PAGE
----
The first words William McGirt uses to describe his style of play is, “I’m sneaky short.” In golf’s expansive arena of long hitters, this would augur a lifetime of struggle in the game. And mostly, that is what McGirt, a longtime mini-tour grinder, has known.
But a grinder is never short on resourcefulness. And when the winds howled today at Augusta National Golf Club, McGirt might have been one of the few players who welcomed the relative hardships to come.
Playing in his first Masters Tournament, the curly-haired, slightly stocky father of two was at his sneaky best, posting a 3-under-par 69 that was better than anyone else in the 94-player field except for Charley Hoffman. Until Hoffman did a swan dive into back-nine unconsciousness to post 65, McGirt was living a dream inside a dream, leading the tournament he almost gave up on ever seeing except as a spectator.
This is a man who feels like crying on every trip down Magnolia Lane. But when your only “significant” victory before capturing last year’s Memorial Tournament came a decade ago at a Tar Heel Tour event, where he won $16,000, sentimentality is difficult to suppress. He also felt like shedding a tear on the first tee, but worried about being put on the clock. Such is a man grateful just to be here.
Then he went on a five-hour tour that wasn’t easy but seemed familiar. It was hard. This guy knows hard and he slurps it up like a teenager guzzling free soda.
“Honestly, I was just trying to figure out how to get it to the house without hurting myself,” said McGirt, 37, of nearby South Carolina, who did so deftly with a round of four birdies, one bogey and several clutch par saves, including a 10-footer at 18. “I was not upset to see it blowing. I love it when it plays tough. I’m not the kind of person that’s going to get in a shootout with anybody.”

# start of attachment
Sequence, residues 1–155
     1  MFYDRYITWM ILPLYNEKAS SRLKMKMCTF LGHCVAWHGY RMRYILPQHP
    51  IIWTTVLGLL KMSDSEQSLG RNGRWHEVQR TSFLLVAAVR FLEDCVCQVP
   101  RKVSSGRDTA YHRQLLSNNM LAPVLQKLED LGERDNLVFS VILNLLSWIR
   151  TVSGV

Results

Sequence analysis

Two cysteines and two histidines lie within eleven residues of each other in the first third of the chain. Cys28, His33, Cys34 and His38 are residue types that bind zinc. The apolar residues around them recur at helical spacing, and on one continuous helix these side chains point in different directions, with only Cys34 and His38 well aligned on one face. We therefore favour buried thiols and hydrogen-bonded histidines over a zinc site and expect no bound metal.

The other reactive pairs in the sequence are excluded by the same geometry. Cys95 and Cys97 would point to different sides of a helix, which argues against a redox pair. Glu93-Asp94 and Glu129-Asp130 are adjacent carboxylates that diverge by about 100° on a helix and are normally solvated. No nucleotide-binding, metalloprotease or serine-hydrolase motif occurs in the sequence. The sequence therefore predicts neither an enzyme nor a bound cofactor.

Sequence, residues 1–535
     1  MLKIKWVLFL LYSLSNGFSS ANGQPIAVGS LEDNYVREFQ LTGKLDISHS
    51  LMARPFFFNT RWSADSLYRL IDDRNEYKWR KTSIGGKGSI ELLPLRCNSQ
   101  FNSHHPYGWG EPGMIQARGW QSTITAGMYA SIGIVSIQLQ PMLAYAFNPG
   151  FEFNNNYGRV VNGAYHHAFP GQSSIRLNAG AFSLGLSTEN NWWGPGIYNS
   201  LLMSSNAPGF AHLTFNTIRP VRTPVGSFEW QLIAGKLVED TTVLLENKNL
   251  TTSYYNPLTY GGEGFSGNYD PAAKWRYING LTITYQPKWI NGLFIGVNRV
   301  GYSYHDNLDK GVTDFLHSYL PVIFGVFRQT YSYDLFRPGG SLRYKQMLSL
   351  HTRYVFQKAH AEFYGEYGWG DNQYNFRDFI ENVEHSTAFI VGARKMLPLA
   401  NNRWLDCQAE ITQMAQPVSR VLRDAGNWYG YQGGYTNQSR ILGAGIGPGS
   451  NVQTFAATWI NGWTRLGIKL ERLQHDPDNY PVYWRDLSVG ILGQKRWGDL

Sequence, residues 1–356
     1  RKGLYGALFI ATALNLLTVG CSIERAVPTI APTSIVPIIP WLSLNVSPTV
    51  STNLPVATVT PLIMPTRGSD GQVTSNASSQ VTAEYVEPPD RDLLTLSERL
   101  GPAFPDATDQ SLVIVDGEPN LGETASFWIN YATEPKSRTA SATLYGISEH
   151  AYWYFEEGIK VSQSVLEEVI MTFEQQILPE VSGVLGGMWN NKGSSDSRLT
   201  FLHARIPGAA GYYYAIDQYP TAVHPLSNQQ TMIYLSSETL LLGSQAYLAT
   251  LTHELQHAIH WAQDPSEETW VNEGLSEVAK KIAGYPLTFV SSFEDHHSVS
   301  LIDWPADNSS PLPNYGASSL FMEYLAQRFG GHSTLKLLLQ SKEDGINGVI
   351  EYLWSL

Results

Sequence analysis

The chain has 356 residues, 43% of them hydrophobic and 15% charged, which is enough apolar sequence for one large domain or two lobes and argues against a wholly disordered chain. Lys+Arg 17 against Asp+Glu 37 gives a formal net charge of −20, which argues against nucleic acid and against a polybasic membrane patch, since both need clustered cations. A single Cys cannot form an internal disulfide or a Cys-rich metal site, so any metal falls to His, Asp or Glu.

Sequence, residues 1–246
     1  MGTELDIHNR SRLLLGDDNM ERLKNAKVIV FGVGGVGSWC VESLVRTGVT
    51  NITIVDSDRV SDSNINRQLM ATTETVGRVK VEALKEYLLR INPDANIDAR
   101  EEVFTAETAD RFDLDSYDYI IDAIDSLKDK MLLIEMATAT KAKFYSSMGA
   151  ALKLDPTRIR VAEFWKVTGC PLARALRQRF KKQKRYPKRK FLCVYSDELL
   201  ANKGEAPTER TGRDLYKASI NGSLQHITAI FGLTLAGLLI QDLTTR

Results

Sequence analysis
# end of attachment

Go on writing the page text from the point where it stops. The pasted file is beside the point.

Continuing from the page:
Which is why he bounced around America for an interminable number of years in questionably road-worthy motor vehicles playing no fewer than seven developmental tours. But stubbornness is another of his attributes, and it finally paid off with his playoff win over Jon Curran at Muirfield Village last June.
He has called himself crazy for all his years riding shotgun with desperation. Tiger Woods called him an idiot after learning McGirt declined to look at a scoreboard while finishing T-2 at the 2012 RBC Canadian Open, his first real chance at a US PGA Tour victory. McGirt, learning something from the 14-time major winner, couldn’t disagree.
But no one can ever say he’s a quitter. “There have been a few times that I thought it might be time to do something else,” he admitted. “I had no clue what I was going to do. So, I figured I’d better get out there and start practising.”
Which he does with a fervour few can match, according to his caddie Brandon Antus, who recently said his boss is “the hardest-working and most committed player, by far”.
Everyone needs a break though, and McGirt got one on Wednesday after the Par-3 Contest was washed out for the first time in history. As he and his family were taking photos by the Augusta National clubhouse, up rolled Nicklaus, the six-time major winner, in a golf cart.
“He just told me to play smart and play within myself,” McGirt said, “and he says, ‘If you can win at my place, you can win here,’ because there’s a lot of similarities in the two golf courses. There’s a lot of holes where you don’t have to hit it directly at pins to get it close.”
Needless to say, that encouragement meant a lot.
“I really haven’t played that well this year, and you know, he said it’s another week, basically, another opportunity,” said McGirt, who has just two top-10 finishes and four missed cuts this season. “It’s kind of one of those things where you forget about what you’re doing, and you kind of get caught up in being at Augusta and being at the Masters, and just roll with it.”
He’s been rolling with it since he arrived last Friday. He and his wife Sarah have tried to savour every minute. “I’d love to be back every year, but I’m not going to walk away and go, ‘Gosh, I wish I would have enjoyed it more, or wish I would have done this or wish I would have done that.’”
So, there he was early on Thursday morning on the first tee to watch Nicklaus and Gary Player hit ceremonial tee shots to begin the Masters. He was afraid someone might ask him to move. No one did, so he didn’t budge. “There was never any question that I was not going to be there,” he aid.
At 8am Friday, he’ll be in the first group off. And there will never be a question that he belongs. He ain’t budging.